Electric cars are much simpler to maintain because there are fewer parts. However, many of us are not accustomed to managing large, expensive battery packs.
The weight of an EV's batteries can be prodigious, requiring changes to the suspension, brakes etc.
Gas-powered cars are very fast to refuel. It only takes a couple of minutes at a gas station. Electrics take hours to 'refuel'. There is at least one group trying to address this by standardizing on battery packs which could be swapped at '? stations'. Towns like Sacramento and San Jose publish maps to their EV recharging stations. This idea of swapping battery packs quickly apparently dates back 100 years when electric busses used to do just this when their batteries were depleted.
Realize also that the 'electric-only' car is at least a little more capable of leaving one stranded than our familiar gas-powered car. Someday, charging stations might be plentiful but, for now, there's a least a disquieting risk to an electric-only vehicle.
All-electric vehicles get a white sticker in California. This lets them drive in HOV lanes and pay nothing for bridge fares.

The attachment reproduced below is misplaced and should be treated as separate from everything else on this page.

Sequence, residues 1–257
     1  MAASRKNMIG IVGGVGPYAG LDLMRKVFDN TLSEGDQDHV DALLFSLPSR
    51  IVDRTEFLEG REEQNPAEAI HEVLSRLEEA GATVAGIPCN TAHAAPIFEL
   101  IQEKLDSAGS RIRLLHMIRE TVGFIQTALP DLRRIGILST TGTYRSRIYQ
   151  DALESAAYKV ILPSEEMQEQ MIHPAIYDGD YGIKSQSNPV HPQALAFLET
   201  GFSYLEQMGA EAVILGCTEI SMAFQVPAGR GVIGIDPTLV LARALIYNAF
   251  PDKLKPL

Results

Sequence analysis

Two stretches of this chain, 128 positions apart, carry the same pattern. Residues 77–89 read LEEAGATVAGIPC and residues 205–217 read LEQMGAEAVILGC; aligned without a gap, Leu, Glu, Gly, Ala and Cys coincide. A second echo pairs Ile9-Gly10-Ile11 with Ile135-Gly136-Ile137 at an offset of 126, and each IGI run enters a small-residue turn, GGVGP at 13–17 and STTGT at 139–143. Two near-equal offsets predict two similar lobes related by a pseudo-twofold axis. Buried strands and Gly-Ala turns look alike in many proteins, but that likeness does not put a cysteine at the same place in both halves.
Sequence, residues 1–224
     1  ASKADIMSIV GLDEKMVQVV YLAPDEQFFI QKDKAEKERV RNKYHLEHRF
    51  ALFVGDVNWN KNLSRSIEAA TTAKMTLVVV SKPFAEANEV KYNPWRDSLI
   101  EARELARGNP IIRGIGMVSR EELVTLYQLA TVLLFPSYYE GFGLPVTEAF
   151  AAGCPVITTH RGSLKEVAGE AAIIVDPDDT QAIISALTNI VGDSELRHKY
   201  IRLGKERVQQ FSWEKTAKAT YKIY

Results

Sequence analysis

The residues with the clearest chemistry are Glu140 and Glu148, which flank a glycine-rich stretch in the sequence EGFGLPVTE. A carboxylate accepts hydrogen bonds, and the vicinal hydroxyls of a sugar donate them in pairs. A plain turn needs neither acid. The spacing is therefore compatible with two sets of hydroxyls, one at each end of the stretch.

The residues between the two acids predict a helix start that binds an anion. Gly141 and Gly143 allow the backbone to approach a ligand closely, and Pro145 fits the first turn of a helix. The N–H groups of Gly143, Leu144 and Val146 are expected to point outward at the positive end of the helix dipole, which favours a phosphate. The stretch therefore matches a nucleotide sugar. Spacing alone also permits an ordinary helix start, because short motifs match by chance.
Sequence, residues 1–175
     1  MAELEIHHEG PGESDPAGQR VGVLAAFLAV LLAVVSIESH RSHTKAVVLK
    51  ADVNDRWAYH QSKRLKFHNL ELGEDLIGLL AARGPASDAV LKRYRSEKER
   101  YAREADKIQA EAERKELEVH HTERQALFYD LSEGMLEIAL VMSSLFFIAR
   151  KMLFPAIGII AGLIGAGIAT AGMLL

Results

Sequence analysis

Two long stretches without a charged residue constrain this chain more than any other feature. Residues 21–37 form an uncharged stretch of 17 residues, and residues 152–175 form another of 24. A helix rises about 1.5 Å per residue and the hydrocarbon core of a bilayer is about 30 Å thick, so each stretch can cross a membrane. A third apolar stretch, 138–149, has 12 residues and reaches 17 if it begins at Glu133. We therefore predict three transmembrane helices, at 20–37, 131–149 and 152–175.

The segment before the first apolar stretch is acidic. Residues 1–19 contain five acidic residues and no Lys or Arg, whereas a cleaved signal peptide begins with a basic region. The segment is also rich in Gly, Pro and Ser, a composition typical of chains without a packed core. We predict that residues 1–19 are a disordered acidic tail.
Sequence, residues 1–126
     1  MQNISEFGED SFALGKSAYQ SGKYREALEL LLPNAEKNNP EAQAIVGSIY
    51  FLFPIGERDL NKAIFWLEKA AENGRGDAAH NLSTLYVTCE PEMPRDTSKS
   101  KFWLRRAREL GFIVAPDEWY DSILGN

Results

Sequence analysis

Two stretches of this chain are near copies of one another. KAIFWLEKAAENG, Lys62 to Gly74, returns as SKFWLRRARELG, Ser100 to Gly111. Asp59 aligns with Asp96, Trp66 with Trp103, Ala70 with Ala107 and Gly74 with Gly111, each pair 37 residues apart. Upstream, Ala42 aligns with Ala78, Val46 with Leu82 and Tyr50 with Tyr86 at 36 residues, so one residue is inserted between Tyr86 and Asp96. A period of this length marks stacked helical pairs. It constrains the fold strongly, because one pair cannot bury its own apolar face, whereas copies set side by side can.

The Lead-Acid battery is expensive - until you look at the alternatives! Let's pretend to put cost aside for a moment and elaborate on the following problems with LA:
First note that 10kwh of LA have the same range as 10kwh x DOD x PE = ~4.8 kwh. This is because the 10kwh LA battery pack doesn't deliver 10kwh; it delivers 4.8 usable_kwh! In fact, it's worse than that because the weight of the LA batteries reduces range by increasing the rolling resistance. Moreover, the support structure for the Li batteries can be lighter because the weight of Li/usable_kwh is ~1/7th that of the LA's (.48 usable_kwh x 1/3.3 the weight per unit energy). The Li batteries cost ~10x as much per energy so the outlay is about 4.8x (.48 x 10). If you were going to spend $1400 on LA; you'll now spend $6720. The two car designs (LA, Li) would have the same usable pack energy, 4.8 kwh but the battery weight of the Li car would be 0.48 x 1/3.3 = 0.14 or about 1/7th the weight of the pack in the LA car. (0.48 because you only needed this usable Li energy for the comparison and 1/3.3 because that's the energy density ratio of the 2 battery types.) This 91% reduction in battery weight means your rolling resistance will be much slower and that, in turn lowers the required wh/mile which increases the range. The exact magnitude of the change depends on the non-battery weight.